[RFC RESEND 0/3] vp9 v4l2 stateless uapi
hverkuil at xs4all.nl
Fri Apr 30 08:12:32 UTC 2021
On 29/04/2021 21:38, Nicolas Dufresne wrote:
> Le jeudi 29 avril 2021 à 11:23 +0200, Hans Verkuil a écrit :
>> On 27/04/2021 01:34, Ezequiel Garcia wrote:
>>> On Mon, 26 Apr 2021 at 14:38, Nicolas Dufresne <nicolas at ndufresne.ca> wrote:
>>>> Le lundi 26 avril 2021 à 09:38 +0200, Hans Verkuil a écrit :
>>>>> Hi Andrzej,
>>>>> Thank you for working on this!
>>>>> On 21/04/2021 12:00, Andrzej Pietrasiewicz wrote:
>>>>>> Dear All,
>>>>>> This is an RFC on stateless uapi for vp9 decoding with v4l2. This work is based on https://lkml.org/lkml/2020/11/2/1043, but has been substantially reworked. The important change is that the v4l2 control used to pass boolean decoder probabilities has been made unidirectional, and is now called V4L2_CID_STATELESS_VP9_COMPRESSED_HDR_PROBS.
>>>>>> In the previous proposal, to queue a frame the userspace must fully dequeue the previous one, which effectively results in a forced lockstep behavior and defeats vb2's capability to enqueue multiple buffers. Such a design was a consequence of backward probability updates being performed by the kernel driver (which has direct access to appropriate counter values) but forward probability updates being coupled with compressed header parsing performed by the userspace.
>>>>>> In vp9 the boolean decoder used to decode the bitstream needs certain parameters to work. Those are probabilities, which change with each frame. After each frame is decoded it is known how many times a given symbol occured in the frame, so the probabilities can be adapted. This process is known as backward probabilities update. A next frame header can also contain information which modifies probabilities resulting from backward update. The said modification is called forward probabilities update. The data for backward update is generated by the decoder hardware, while the data for forward update is prepared by reading the compressed frame header. The natural place to parse something is userspace, while the natural place to access hardware-provided counters is the kernel. Such responsibilties assignment was used in the original work.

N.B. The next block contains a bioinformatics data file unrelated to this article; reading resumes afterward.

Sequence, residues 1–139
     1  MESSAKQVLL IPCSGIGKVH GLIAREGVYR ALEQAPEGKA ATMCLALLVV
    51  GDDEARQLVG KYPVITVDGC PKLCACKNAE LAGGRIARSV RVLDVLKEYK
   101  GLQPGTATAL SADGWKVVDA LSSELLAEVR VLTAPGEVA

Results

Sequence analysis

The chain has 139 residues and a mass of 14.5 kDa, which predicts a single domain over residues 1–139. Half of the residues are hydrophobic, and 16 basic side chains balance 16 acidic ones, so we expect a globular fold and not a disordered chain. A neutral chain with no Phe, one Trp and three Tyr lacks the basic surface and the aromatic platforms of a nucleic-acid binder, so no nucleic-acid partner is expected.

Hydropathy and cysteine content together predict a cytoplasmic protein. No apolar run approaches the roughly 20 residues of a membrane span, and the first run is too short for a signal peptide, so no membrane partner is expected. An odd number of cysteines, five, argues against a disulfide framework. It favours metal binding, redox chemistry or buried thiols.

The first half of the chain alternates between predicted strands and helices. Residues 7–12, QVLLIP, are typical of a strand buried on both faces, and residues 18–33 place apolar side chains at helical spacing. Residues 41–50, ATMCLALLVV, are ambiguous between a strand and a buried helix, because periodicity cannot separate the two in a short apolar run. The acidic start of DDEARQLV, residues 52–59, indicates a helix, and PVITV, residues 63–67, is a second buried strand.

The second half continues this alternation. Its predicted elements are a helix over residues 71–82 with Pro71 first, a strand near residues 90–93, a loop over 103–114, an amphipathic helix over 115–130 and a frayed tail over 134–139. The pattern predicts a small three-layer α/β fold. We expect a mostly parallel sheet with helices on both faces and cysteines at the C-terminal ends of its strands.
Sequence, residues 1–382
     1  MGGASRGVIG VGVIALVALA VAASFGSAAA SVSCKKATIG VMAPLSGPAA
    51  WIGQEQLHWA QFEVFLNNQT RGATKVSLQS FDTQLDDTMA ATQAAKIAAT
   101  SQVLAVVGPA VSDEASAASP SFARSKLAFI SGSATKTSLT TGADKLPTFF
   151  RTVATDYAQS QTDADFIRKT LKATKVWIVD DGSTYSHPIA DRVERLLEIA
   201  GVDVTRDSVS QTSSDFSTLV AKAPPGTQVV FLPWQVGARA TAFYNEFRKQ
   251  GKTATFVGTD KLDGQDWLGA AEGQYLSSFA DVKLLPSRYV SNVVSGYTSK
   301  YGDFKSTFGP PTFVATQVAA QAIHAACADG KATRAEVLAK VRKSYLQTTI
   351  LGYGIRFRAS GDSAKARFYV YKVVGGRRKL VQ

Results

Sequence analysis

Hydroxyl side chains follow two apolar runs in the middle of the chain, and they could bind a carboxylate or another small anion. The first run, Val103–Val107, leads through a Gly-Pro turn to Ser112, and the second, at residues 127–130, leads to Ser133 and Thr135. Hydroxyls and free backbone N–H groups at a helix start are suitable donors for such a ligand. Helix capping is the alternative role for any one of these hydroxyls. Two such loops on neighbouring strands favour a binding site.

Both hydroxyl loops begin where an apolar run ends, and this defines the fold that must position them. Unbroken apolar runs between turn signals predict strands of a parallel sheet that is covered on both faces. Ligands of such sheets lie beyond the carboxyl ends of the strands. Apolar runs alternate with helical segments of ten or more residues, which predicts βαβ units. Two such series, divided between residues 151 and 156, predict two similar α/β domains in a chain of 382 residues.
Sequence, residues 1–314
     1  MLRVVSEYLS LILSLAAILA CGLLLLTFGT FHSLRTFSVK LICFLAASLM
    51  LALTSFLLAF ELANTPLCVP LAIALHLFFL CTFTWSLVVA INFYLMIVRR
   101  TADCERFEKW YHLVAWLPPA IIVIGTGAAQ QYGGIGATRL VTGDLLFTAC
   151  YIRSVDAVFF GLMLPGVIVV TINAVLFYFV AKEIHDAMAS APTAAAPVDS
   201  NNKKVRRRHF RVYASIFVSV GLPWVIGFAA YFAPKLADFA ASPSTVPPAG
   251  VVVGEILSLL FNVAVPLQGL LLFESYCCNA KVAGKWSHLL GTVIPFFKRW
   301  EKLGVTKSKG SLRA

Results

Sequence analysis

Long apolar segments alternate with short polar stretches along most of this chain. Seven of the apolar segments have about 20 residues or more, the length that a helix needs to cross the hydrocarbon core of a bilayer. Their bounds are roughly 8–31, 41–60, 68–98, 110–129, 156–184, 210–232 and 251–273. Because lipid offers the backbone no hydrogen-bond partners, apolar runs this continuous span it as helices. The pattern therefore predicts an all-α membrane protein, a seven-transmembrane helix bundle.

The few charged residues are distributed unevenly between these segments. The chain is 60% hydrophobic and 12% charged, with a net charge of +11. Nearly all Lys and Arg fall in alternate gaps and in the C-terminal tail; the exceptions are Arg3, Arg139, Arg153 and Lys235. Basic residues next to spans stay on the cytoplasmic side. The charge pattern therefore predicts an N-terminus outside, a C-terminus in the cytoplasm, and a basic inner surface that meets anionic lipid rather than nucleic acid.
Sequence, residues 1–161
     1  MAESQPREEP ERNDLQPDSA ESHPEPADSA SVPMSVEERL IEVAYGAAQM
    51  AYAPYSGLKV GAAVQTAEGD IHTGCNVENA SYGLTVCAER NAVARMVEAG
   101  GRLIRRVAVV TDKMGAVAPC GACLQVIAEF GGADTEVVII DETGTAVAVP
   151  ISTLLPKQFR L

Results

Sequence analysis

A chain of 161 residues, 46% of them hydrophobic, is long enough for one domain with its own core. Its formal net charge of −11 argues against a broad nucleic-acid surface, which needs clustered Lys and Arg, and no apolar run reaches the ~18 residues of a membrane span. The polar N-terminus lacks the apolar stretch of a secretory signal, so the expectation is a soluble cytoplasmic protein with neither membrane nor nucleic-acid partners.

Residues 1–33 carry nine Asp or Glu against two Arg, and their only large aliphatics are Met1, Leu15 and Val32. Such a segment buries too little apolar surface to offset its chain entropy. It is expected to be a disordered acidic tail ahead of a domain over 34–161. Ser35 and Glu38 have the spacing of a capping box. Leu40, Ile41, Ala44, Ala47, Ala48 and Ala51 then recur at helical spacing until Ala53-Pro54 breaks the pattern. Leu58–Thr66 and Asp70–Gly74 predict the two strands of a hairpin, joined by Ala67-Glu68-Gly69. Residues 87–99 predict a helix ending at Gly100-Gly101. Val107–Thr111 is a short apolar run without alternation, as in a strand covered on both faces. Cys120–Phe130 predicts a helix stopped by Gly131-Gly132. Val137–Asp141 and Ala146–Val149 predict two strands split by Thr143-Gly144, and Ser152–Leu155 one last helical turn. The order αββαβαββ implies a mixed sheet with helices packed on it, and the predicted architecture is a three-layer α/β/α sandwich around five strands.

>>>>>> To overcome the lockstep, we moved forward probability updates to the kernel, while leaving parsing them in userspace. This way the v4l2 control which is used to pass the probs becomes unidirectional (user->kernel) and the userspace can keep parsing and enqueueing succeeding frames.
>>>>>> If a particular driver parses the compressed header and does backward probability updates on its own then V4L2_CID_STATELESS_VP9_COMPRESSED_HDR_PROBS does not need to be used.
>>>>>> This series adds vp9 uapi in proper locations, which means it is a proper, "official" uapi, as opposed to staging uapi which was proposed in the above mentioned lkml thread.
>>>>> Why? I rather liked the way that the other codec APIs started life in a private header
>>>>> (like include/media/vp8-ctrls.h) and were given time to mature before moving them to
>>>>> the uAPI. Is there a reason why you think that VP9 doesn't need that?
>>>> I'll be honest, I accepted early code into GStreamer for H264, and it ended up
>>>> in a nightmare for the users. We now have a released GStreamer that supports
>>>> kernel API up to 5.9, a blackwhole at 5.10 and finally master catched up and can
>>>> support 5.11+. It is so complicated for packagers to understand what is going
>>>> on, that they endup wasting a lot of their time for a single feature in their
>>>> OS. Same breakage is happening for VP8 in 5.13, even though VP8 has been working
>>>> great all this time. I will for sure for now on ignore any contribution that
>>>> depends on staged uAPI.
>>>> As for FFMPEG, even though now H264 API is table, the maintainers just simply
>>>> ignore the patches as they have been bitten by the reviewing stuff based on
>>>> unstable APIs and downstream work.
>>>> I believe the staged uAPI has been used wrongly in the past. Stuff has been
>>>> staged quicky right before associated project budget for it was exhausted, so it
>>>> was in the end a way to look good, and someone else had to pick it up and finish
>>>> it. Going straight for final API put more pressure on making good research from
>>>> the start, doing more in-depth reviews and avoiding delaying for multiple years
>>>> the support. I believe the staging API are confusing even for the Linux
>>>> projects. Going straight to stable here is a commitment to finish this work and
>>>> doing it correctly.